A new company enters the Tecfidera fight, offering to kill two birds
The remedy for the most common side effect for one of the most common multiple sclerosis drugs is simple: aspirin.
Taking aspirin with Biogen’s Tecfidera will reduce the flush, a sometimes painful form of red skin irritation, many patients experience. The problem is that the aspirin has to be taken at least 30 minutes before Tecfidera, turning a simple twice-a-day, one-dose oral drug into a staggered two-drug regimen.
Joseph Habboushe watched his father struggle with the same issue for high-dose niacin, a cholesterol treatment that also caused a flush that could be prevented if you only took aspirin 30 minutes to an hour before.
“Most patients, they just won’t do that,” Habboushe told Endpoints News. “It’s really hard.”
So Habboushe, an ER doc, entrepreneur and academic began working on a way to integrate the two and come up with something that would give aspirin’s anti-flush effect at the same time a patient took the main medicine. He filed his first patent in 2012, and today he’s officially announcing the company: Vitalis Pharmaceuticals.
Information is scant on Vitalis. The company has not disclosed its investors or how much money they have, and aside from an 18-person pilot study that found a 63% flush reduction, there’s little data to back them up. Despite that, they’re aiming to hit the market in 2021.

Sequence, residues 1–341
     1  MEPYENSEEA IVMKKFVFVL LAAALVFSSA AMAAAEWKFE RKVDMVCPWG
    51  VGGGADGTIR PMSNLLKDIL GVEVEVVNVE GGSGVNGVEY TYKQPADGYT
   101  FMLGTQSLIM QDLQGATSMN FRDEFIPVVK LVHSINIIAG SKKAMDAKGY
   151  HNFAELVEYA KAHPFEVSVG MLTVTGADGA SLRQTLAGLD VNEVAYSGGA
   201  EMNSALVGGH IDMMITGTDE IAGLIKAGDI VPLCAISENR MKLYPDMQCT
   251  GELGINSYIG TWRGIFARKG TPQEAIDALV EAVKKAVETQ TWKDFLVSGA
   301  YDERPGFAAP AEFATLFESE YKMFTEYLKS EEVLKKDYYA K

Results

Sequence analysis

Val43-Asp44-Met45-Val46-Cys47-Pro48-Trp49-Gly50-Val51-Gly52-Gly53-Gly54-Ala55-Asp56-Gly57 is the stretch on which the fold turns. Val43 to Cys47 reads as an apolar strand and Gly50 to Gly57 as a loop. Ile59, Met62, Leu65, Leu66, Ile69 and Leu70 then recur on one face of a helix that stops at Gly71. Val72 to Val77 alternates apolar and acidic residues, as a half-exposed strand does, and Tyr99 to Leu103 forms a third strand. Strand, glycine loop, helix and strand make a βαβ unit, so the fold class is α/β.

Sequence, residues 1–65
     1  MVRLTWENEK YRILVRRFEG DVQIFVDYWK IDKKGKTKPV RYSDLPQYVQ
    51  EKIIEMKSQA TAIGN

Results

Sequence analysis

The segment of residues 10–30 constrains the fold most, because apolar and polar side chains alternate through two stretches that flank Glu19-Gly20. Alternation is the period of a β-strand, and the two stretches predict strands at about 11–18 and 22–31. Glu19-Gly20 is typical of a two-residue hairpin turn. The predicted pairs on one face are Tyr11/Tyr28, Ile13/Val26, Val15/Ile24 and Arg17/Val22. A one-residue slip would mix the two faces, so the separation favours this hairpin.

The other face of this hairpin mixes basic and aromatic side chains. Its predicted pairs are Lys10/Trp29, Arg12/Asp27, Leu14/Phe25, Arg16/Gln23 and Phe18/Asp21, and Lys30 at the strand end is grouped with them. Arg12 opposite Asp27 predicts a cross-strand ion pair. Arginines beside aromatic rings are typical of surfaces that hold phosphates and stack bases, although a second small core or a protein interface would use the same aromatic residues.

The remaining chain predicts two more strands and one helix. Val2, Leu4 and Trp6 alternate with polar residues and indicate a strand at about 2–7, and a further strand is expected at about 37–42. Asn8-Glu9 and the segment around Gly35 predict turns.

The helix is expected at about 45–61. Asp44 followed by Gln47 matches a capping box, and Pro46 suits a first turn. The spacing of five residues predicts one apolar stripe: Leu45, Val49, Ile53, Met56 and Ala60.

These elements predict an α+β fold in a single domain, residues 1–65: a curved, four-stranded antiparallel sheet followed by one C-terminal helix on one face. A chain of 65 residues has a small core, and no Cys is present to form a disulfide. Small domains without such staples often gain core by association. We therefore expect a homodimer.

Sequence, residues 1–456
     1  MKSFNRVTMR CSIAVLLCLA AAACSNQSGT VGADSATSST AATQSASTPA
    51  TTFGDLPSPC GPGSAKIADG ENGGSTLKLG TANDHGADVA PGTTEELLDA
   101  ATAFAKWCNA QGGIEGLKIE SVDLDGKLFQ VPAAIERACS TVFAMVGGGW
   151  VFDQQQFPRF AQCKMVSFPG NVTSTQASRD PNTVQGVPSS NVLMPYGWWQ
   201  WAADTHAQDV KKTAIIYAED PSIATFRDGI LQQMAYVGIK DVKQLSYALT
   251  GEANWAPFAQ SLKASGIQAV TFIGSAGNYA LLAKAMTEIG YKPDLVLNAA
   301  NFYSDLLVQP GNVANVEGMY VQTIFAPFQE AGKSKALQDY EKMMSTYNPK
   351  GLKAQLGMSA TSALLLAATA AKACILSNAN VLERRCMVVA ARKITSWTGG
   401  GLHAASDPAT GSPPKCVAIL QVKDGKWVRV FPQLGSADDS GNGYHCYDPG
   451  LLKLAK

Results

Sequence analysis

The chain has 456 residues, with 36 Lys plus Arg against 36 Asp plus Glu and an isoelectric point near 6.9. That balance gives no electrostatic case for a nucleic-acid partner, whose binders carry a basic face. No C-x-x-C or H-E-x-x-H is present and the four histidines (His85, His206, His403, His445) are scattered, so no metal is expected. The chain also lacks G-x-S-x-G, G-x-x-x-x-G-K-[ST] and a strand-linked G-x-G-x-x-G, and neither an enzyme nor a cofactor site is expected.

They have several candidates — including ones for non-opioid pain and dyslipidemia — but their main pitch is around Tecfidera, the pill that earned Biogen over $4 billion last year. Habboushe said that while he began by trying to find a way of warding off flush, he emerged with a pill he claims can not only reduce flush but also has better pharmacokinetic properties and can get around Biogen’s patents.
The future of Tecfidera — which fast beaome the number-one selling MS pill in the US after its approval in 2013 — is clouded by competitors and a heated patent dispute.
Biogen’s patents are slated to fully expire in 2028, but several companies have already challenged that, hoping to void it earlier. Most notably, Mylan is in the midst of a court case to void the patent on the basis of obviousness, and in 2017, Biogen paid $28 million and promised more in milestones to Alkermes to buyout their challenge.
Any change in the patent outlook would be consequential — both for Biogen and for any developer able to then enter the market. After Biogen disclosed the Mylan threat in February, Leerink analyst Geoffrey Porges wrote that a 2020 patent expiration would be worth 10-15% Biogen’s value.
Social image: Joseph Habboushe, NYU Langone Health